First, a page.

can have a particularly strong effect on community fabric
and interpersonal relationships. Altered environmental
conditions due to climate change can shift the opportunities
people have for social interaction, the ways in which they
relate to each other, and their connections to the
Until now. Beginning in 2015, a pair of Google Street View cars, equipped with high tech “mobile labs” developed by San Francisco–based startup Aclima, crisscrossed the streets of West Oakland taking second-by-second samples of the area’s air. They tested for nitrogen dioxide and a type of pollution known as black carbon (bad for your heart and lungs, not to mention the planet), as well as nitric oxide. The cars hit every stretch of pavement, from tiny cul-de-sacs to truck-choked Peralta Street, multiple times, taking millions of measurements.
There are three stationary air pollution monitors for all of Oakland, which reveal the city’s air quality as a whole. But the Street View cars can tell you what the air is like at, say, the corner of Market Street and Grand Avenue—basically anywhere you can drive a Street View car. They can even tell you how the air varies from one end of a single block to the other for a truly hi-res view of the problem.The result: one of the largest and most granular data sets of urban air pollution ever assembled in the world.
Quoting Google’s interview on Aclima: “We visited each block on between 20 and 50 different days over the course of a year,” says Joshua Apte, an engineering professor at the University of Texas at Austin. In the process, they were able to identify patterns they wouldn’t have otherwise seen. “If pollution spikes for an instant, it may or may not be such a bad thing. But if pollution is consistently high, that’s something we really should care about.”
Imagine what difference awareness on air pollution can make when this information becomes more accessible!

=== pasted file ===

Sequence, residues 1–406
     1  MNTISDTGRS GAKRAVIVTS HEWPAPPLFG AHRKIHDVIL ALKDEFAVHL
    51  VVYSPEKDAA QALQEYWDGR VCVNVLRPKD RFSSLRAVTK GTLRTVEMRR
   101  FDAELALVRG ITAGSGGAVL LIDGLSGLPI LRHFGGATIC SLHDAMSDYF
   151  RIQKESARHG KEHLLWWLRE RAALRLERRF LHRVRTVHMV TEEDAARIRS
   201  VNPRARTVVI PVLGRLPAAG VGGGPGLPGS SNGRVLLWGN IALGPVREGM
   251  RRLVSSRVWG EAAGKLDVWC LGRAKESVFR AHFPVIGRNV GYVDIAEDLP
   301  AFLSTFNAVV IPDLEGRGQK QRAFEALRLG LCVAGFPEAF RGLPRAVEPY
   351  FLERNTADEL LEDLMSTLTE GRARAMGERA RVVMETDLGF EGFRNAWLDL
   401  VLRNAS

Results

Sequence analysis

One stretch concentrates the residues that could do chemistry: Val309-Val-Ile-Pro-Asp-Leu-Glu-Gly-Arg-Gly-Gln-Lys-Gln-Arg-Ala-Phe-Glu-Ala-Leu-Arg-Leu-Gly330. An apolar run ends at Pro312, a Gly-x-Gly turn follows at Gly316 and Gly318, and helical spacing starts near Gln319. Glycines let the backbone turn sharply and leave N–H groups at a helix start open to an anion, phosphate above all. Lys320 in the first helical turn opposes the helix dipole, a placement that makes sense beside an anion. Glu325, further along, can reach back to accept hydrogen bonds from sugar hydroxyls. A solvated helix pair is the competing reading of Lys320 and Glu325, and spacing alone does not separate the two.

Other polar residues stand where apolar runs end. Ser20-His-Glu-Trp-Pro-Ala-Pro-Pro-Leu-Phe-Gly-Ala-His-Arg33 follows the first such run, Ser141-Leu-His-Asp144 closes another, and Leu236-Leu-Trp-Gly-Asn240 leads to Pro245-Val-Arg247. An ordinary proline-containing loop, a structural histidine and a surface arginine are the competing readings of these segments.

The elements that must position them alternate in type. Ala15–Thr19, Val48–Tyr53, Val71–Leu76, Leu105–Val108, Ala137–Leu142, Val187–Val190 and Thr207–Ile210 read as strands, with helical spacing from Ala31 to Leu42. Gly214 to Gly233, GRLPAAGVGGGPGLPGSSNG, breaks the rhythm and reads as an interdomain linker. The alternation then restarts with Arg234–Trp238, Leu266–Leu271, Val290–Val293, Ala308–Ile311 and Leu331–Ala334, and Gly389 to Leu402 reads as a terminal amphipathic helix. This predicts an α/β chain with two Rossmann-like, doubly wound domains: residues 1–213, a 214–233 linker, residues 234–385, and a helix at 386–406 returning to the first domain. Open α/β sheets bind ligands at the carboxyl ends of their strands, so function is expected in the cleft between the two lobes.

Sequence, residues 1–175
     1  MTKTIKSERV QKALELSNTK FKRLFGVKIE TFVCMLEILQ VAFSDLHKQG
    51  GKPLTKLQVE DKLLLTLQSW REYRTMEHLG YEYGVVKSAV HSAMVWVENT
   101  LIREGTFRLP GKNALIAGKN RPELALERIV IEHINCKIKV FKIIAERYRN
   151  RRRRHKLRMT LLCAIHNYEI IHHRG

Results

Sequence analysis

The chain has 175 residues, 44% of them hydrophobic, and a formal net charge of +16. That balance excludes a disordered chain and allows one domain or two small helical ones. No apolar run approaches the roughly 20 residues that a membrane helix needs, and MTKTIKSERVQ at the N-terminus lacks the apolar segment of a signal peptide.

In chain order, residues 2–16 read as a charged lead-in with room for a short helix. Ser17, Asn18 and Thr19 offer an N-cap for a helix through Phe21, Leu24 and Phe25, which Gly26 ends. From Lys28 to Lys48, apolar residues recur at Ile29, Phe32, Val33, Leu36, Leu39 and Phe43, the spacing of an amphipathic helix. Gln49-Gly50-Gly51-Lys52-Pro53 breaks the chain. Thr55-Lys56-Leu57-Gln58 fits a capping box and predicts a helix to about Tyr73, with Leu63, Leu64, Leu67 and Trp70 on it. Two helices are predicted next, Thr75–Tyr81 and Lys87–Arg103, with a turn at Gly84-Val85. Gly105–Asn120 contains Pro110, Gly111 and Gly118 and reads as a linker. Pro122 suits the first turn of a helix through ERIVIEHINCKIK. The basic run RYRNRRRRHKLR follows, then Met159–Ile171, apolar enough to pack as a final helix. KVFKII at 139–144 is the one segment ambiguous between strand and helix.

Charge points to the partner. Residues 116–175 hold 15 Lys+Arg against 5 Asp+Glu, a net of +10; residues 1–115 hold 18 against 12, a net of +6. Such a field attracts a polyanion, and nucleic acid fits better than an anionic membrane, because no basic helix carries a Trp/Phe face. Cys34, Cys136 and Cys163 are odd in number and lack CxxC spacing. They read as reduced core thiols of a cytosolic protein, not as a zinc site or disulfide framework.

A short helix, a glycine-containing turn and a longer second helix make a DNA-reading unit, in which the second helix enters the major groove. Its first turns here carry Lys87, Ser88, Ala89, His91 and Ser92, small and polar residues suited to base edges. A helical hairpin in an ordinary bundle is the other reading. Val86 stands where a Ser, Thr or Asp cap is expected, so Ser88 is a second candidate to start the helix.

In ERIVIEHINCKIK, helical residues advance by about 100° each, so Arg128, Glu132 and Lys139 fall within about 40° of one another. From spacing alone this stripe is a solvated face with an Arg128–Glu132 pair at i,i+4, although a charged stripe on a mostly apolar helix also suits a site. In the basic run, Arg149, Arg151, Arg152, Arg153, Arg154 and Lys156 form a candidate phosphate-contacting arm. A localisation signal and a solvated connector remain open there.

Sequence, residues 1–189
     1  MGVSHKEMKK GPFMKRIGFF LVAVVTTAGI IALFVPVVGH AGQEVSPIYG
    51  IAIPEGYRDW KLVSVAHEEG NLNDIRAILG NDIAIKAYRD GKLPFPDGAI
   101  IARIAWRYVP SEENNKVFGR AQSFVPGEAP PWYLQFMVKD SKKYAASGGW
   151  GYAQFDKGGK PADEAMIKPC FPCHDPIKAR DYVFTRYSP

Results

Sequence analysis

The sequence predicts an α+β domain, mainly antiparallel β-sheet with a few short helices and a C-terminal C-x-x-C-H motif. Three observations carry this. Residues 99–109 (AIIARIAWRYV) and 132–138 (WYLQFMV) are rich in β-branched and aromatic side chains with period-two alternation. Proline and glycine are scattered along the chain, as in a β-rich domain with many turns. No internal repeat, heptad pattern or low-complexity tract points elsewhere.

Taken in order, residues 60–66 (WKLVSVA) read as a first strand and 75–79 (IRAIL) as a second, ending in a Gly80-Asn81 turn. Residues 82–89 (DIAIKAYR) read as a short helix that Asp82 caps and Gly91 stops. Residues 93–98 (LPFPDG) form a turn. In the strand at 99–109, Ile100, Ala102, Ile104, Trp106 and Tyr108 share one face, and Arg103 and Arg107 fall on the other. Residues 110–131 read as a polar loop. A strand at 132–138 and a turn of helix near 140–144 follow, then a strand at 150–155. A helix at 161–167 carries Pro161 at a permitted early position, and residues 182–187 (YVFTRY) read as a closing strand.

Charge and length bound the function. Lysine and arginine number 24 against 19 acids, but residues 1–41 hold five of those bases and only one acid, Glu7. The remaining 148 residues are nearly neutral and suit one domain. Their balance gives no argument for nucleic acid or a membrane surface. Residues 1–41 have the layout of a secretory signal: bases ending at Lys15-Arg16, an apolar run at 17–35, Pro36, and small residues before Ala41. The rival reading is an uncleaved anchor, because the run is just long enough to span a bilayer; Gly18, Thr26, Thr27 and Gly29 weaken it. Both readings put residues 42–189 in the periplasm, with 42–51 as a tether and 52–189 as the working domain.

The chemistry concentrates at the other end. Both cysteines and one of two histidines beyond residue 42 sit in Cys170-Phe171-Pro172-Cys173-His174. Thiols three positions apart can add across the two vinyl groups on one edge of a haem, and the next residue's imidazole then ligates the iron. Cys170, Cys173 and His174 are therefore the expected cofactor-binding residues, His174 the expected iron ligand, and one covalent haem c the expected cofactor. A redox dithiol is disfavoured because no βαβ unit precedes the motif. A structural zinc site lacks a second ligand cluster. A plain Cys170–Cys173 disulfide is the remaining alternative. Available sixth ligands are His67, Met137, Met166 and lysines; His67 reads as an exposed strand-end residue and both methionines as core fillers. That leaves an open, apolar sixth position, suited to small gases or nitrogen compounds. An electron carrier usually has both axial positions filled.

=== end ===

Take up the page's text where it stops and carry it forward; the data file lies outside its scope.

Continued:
Visit https://aclima.io/ for more information!
A hard truth to swallow, but according to Rozalia Project, we are eating our fleece! Rozalia Project has developed the Cora Ball microfiber catcher, the first human-scale, consumer solution to synthetic microfiber pollution in our ocean, lakes and rivers. Check out their successful Kickstarter Campaign here: https://www.kickstarter.com/projects/879498424/cora-ball-microfiber-catching-laundry-ball
The single biggest pollution problem facing our ocean is microfiber: trillions of pieces of tiny fibers flowing into the ocean – every time we use our washing machines. Our clothing is breaking up, sending this microfiber (made of plastic and chemical-covered non-plastics) out with the drain water – just one fleece jacket could shed up to 250,000 pieces per garment per wash [source]. New York City, alone, could have 6.8 billion microfibers flowing into its harbor every day. We are all contributing to this problem. Learn more about the problem of microfiber pollution here. http://rozaliaproject.org/stop-microfiber-pollution/
In the race to find solutions to critical water issues, the launch of a new cost-effective water quality sensor device by Beacon Institute for Rivers and Estuaries|Clarkson University is the first step in overcoming hurdles of historically prohibitive costs for long-term water resource monitoring.
The installation of the Institute’s newest generation of River and Estuary Observatory Network (REON II) sensor arrays signifies the passing of the baton from the science lab to the river as they run ahead, complementing government capacity to invest in “wiring” the river for cleaner water.
The REON II device or “Sonde,” deployed on the banks of the Hudson River in New Hamburg, N.Y., is providing real-time data called for by scientists to better understand the complex relationship between humans, the built environment and our fragile waterways.
It is one of 37 sensor stations currently in place in the Hudson and St. Lawrence river watersheds, making REON one of the world’s most robust resources of real-time data. The goal of the REON research team to develop affordable, scalable, low-profile sensor networks and its potential for making water sensor technology universal, could be transformational to the field of environmental science.
CEF FFT: The more up-to-date and accurate the data we can collect on the water quality of rivers and estuaries, the more we can become aware of the impact our civilization has on these precious sources of life.